by Whitney Grace
Real life murder mysteries are intriguing. Some murder mysteries have left their cold case files and been transformed into legend such as Jack the Ripper and the Lindberg Baby Kidnapping. I also enjoy reading the occasional book that delves into clues and speculations about the motive. Rick Geary is one of my favorite authors when it comes to reading murder mysteries, because not only does he transform them into comics, he also inserts hard facts into the panels. I knew Rick would be busy researching his next book in his Twentieth Century Murder series, so I tracked him down in a library archive. He was sorting through notes from the 1950s stored in an acid free box, when I approached him and asked him the following questions.
Whitney Grace (WG): For most interviews it is a prerequisite to ask people how they got into comics. So…how did you get started in comics?
Rick Geary (RG): I’m always somewhat embarrassed to tell people that, as a kid, I was never a big comic fan or collector. I wanted to be an artist of some sort, but a career in comics was very far from my mind. In 1977, just after I moved to San Diego, a friend asked me to contribute a story to the anthology comic Fear and Laughter. The 3-page story I did, “An Unsolved Murder,” was my first published effort in the comic medium. It was also my first true crime tale.
WG: When you first started writing in the 1970s, you contributed to some famous magazines National Lampoon and Heavy Metal, for example. For our younger readers, what type of comics did you draw during this point in your career?
RG: I started out in the funny pages section of National Lampoon, and what I did for them were single-page and half-page comic stories, which were not so much stories as quirky vignettes of ordinary life. Later on, for Heavy Metal, I did long stories of 8, 10 or 12 pages that had more of a sci-fi or fantasy bent.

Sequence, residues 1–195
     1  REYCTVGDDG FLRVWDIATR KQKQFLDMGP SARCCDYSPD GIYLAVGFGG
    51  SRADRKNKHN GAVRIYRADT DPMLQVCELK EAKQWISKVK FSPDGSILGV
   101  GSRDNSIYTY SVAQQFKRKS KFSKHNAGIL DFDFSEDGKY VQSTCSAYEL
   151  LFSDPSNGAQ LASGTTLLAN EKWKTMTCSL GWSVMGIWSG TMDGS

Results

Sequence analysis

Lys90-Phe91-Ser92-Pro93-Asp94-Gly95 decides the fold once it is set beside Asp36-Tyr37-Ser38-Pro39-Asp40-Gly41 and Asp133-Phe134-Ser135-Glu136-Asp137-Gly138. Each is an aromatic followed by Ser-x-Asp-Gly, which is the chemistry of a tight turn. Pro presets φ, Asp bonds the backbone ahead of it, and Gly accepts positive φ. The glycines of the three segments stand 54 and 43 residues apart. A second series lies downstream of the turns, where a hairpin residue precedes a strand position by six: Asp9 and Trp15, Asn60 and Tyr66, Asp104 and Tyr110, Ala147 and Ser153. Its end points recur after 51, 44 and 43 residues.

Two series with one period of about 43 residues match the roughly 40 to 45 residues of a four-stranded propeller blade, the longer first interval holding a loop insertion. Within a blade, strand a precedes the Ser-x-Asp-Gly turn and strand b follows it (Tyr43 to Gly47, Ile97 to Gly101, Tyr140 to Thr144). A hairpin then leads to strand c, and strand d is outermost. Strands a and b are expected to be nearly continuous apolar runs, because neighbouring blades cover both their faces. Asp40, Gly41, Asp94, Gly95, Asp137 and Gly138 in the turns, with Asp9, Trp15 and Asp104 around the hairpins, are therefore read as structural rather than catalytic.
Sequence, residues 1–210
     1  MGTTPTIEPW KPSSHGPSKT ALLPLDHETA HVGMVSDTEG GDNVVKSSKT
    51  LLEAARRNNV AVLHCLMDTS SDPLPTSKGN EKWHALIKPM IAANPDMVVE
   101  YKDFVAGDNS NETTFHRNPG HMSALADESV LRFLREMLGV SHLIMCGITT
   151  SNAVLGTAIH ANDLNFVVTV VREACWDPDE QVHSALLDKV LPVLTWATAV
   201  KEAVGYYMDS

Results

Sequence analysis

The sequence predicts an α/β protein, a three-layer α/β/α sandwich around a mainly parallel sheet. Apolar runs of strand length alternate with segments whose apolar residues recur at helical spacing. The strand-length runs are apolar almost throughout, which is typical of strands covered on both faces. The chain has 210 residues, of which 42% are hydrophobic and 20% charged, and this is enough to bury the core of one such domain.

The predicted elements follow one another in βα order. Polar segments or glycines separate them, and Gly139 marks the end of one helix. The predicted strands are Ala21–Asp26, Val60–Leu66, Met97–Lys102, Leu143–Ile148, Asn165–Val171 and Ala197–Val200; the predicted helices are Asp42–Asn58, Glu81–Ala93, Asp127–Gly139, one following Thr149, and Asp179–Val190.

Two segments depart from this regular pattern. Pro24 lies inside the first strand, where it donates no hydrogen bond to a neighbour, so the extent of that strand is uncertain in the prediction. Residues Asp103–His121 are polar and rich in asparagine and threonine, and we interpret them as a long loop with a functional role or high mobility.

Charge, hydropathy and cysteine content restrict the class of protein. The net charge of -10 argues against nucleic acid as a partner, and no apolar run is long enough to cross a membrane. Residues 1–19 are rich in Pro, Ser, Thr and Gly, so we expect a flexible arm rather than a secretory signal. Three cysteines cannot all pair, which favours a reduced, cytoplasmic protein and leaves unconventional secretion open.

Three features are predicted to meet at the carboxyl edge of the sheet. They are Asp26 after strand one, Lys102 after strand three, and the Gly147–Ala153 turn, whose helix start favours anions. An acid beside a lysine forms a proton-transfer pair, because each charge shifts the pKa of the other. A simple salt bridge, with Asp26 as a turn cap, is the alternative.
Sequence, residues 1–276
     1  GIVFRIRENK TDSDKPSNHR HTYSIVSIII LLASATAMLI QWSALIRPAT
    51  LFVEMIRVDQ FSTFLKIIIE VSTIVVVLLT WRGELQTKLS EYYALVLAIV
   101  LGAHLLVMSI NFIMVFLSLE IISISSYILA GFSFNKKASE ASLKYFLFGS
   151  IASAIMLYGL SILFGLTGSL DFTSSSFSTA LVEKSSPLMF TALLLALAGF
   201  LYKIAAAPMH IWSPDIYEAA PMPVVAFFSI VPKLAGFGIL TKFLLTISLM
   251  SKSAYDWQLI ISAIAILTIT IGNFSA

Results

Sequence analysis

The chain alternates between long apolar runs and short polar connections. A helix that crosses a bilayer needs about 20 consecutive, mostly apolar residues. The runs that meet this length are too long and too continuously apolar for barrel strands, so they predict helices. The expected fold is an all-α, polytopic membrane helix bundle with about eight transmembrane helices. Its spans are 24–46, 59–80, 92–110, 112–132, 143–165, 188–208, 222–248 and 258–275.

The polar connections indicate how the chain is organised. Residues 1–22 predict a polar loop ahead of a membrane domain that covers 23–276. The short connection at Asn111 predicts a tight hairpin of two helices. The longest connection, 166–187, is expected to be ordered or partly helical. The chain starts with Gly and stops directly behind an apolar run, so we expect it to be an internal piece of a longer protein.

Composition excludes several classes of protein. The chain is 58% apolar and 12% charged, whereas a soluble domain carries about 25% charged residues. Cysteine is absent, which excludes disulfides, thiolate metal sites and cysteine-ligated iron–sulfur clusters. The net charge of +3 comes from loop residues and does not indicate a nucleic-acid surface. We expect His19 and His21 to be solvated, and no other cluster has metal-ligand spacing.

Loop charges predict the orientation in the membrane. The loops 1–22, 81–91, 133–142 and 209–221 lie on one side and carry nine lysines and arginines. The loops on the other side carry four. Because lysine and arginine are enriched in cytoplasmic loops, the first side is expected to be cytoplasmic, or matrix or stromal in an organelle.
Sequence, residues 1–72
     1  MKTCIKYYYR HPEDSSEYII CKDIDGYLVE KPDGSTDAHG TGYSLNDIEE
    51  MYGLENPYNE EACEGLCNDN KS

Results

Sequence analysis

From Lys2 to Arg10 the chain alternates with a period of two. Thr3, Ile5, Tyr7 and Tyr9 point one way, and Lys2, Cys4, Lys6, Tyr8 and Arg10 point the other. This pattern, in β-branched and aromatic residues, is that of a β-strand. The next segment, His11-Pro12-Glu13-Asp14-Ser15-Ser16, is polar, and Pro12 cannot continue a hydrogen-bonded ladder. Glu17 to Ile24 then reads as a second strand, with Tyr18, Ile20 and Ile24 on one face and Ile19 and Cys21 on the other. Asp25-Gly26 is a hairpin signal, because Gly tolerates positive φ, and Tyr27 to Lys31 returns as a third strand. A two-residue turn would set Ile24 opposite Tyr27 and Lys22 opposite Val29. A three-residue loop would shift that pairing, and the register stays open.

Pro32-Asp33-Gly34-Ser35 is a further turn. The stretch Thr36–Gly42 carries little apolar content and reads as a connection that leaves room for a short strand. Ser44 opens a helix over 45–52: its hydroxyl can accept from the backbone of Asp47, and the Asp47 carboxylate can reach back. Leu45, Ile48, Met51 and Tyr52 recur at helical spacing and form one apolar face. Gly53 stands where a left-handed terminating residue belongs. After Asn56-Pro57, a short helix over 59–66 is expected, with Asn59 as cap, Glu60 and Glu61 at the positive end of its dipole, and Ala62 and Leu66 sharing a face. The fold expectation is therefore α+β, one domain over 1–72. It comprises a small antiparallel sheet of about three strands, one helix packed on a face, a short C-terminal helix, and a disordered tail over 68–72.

WG: How do you develop your sense of humor to write these comics?
RG: I’ve always felt that a sense of humor is something that develops by itself, and all you can do is ride along with it.
WG: I’ve come to appreciate your work through NBM’s Victorian and Twentieth Century Murders series. How did you get attached to these projects?
RG: Back in the mid-eighties, I had done several short pieces for various anthology magazines that featured Victorian-era murders and other true crimes. Terry Nantier of NBM Publishing asked me to do an entire book made up of three murder cases. This was titled A Treasury of Victorian Murder and came out in 1987. It wasn’t till 1995 that I did the next volume, Jack the Ripper, and from then on I’ve done a new one about every year.
WG: What are each of these series about?
RG: These books are true and accurate accounts of famous murder cases of the 19th and 20th centuries.
WG: How do you decide what murders to write about and where do you locate the materials for your research?
RG :I always keep a list of cases I’d like to treat in the graphic story form. Because I’m a lover of mystery, I’m naturally drawn to the unsolved cases, or if not unsolved at least with lingering questions or controversy. There are also others that aren’t mysteries, but are just good stories. For my research, I try to read as much about a case as I can. I order books from Amazon mostly, plus I have my own extensive library. Some of the more famous murders have almost too much information out there; for others there has been relatively little written and I have to cobble together my story from short pieces in many different sources.